Seeking a high-profile case to further her legal career, attorney Laura Tobias sets out to clear a man she believes was wrongfully convicted of murder ten years before. She's the last hope for inmate Eddie Nash, who is serving life without parole at the infamous Attica Correctional Facility in upstate New York. But Laura's good intentions don't go unpunished. After uncovering evidence that Eddie was framed by the police, strange things start to happen to her. Are the police out to stop her from exposing their corruption? Is the real killer still out there, seeking to keep her from re-opening the investigation? With a new trial looming, Laura must discover the truth before she becomes the next victim. This riveting page-turner pits an ambitious young lawyer against those sworn to serve and protect, and a ruthless killer determined to keep his identity a secret at all costs.
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About the Author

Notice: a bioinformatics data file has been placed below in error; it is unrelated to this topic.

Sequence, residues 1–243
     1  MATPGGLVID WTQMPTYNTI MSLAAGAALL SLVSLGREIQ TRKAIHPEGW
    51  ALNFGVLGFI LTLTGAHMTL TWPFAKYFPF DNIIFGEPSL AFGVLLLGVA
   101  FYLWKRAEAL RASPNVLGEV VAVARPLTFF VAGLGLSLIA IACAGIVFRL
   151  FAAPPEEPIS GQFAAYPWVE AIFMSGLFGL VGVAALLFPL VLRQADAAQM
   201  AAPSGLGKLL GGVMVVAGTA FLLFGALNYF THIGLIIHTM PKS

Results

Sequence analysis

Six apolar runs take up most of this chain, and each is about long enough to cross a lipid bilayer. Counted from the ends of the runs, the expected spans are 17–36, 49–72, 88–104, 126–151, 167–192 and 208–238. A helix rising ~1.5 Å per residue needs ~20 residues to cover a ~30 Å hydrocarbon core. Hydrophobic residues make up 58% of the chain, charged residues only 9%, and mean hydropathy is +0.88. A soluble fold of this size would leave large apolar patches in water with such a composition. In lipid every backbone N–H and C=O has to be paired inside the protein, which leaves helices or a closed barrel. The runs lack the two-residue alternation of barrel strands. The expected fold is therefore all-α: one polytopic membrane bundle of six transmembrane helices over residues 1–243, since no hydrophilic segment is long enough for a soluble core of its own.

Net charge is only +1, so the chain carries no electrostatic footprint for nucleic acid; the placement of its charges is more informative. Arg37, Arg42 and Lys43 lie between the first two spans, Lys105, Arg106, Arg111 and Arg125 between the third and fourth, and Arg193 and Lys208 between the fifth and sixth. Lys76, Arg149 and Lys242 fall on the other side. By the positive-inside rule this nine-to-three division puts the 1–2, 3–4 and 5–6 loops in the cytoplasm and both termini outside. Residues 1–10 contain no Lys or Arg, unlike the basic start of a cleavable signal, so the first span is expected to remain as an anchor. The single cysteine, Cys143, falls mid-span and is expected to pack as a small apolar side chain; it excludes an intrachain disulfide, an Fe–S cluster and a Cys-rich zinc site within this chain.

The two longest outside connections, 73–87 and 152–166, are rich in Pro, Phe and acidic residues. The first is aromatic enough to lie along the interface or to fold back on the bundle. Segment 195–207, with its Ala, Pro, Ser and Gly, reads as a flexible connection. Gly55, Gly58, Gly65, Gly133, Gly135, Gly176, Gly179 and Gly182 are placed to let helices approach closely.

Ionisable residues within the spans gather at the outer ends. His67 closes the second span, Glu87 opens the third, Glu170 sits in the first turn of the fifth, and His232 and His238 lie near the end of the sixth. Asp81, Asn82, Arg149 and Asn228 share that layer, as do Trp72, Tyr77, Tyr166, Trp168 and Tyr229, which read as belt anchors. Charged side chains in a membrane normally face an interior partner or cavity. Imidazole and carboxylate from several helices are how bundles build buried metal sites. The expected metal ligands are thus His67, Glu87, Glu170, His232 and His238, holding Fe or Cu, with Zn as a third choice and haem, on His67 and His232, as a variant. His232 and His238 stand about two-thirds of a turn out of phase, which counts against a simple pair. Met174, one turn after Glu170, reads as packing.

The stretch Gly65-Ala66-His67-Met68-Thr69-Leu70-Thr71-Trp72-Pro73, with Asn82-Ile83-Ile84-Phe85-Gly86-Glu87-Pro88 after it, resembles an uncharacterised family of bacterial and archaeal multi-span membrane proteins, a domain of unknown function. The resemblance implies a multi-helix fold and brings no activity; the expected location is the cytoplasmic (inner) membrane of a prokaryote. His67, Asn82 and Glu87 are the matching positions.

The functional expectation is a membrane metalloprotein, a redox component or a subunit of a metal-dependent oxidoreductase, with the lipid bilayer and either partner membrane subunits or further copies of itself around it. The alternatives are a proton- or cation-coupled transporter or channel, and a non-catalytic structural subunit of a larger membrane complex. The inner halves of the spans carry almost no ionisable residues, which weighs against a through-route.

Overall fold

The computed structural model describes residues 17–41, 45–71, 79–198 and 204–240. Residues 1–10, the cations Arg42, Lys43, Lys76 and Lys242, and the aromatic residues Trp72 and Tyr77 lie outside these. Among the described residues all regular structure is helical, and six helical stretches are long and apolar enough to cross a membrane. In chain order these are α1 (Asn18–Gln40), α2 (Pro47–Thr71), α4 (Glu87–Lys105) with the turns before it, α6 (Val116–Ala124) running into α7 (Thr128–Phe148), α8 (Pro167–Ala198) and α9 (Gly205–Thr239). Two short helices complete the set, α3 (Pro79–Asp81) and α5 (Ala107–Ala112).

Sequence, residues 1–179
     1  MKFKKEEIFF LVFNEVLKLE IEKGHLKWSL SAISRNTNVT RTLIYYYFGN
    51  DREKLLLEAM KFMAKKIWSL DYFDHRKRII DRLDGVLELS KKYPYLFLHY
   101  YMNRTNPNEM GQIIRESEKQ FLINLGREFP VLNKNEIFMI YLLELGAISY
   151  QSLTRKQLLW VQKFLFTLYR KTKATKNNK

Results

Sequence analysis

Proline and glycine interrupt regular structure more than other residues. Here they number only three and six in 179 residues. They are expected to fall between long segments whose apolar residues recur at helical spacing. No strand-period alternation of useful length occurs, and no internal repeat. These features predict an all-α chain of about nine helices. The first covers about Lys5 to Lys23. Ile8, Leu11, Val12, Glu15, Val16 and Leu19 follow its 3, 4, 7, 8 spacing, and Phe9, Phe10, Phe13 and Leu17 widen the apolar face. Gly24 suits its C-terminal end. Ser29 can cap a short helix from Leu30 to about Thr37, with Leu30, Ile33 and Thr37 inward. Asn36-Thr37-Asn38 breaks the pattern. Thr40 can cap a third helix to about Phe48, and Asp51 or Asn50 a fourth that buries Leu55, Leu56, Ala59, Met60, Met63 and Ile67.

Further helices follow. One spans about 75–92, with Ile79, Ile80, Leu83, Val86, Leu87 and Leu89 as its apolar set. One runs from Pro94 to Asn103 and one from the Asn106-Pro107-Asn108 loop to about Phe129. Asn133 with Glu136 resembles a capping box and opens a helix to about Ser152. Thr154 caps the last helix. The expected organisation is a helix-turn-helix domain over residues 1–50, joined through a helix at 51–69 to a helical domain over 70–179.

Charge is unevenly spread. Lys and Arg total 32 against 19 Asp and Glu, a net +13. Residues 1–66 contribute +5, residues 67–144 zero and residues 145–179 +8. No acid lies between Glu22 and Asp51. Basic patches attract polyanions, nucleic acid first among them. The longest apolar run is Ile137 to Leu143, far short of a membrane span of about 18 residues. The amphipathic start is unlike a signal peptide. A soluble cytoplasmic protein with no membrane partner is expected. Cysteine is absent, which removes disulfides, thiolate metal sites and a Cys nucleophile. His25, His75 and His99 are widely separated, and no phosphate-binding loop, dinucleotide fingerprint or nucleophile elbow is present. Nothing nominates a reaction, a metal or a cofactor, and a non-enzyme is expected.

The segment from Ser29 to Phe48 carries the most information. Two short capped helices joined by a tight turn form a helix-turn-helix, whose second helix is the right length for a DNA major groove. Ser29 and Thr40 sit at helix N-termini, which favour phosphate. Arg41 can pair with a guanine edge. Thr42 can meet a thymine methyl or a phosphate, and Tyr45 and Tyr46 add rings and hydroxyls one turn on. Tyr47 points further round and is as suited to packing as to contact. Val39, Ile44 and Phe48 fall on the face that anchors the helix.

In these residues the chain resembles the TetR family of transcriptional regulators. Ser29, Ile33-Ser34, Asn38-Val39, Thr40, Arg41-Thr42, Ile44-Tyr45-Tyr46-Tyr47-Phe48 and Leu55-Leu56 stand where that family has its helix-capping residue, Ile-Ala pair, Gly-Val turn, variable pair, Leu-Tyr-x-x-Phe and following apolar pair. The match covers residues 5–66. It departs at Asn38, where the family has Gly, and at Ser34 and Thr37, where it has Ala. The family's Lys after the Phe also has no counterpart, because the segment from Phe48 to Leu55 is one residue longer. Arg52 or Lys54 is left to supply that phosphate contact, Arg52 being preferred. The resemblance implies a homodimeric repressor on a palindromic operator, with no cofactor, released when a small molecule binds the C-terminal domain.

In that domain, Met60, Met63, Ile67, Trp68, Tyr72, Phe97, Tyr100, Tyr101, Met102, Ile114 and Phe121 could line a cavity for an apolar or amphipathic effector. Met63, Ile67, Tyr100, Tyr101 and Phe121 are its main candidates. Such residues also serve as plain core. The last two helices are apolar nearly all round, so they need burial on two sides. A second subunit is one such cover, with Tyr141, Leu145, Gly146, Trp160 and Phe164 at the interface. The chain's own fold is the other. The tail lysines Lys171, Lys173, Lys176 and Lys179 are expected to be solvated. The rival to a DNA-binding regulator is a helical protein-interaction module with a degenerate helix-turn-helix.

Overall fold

Rick Bowers is an award-winning author and journalist specializing in the quest for social justice and equal rights. He has appeared on a wide range of media outlets, including PBS, NPR, CBS, the History Channel and Discovery Network. Bowers has authored two non-fiction books, penned an award-winning PBS documentary and is working on related film projects in Los Angeles. His book Spies of Mississippi (National Geographic, 2010) exposed the secret, state-run spy network dedicated to preserving segregation in 1950's and '60s. Working with film maker Dawn Porter, Bowers also penned the PBS/Independent Lens documentary version of Spies of Mississippi, which won numerous awards for its hard-hitting treatment of the topic. Bowers' book Superman vs. the Ku Klux Klan (National Geographic 2012) revealed how the Man of Steel exposed the men of hate to a generation of children. Superman vs. the KKK is now in development as a feature film by Lotus Entertainment and Paperchase Films in L.A.In addition to writing books and making films, Bowers also conceptualized and directed "Voices of Civil Rights", a ground-breaking oral history project that collected thousands of first-hand accounts of the small acts of courage that powered the Civil Rights Movement. As a documentary, it won the prestigious Emmy and Peabody awards.Bowers makes his fiction debut with the release of Innocence on Trial.
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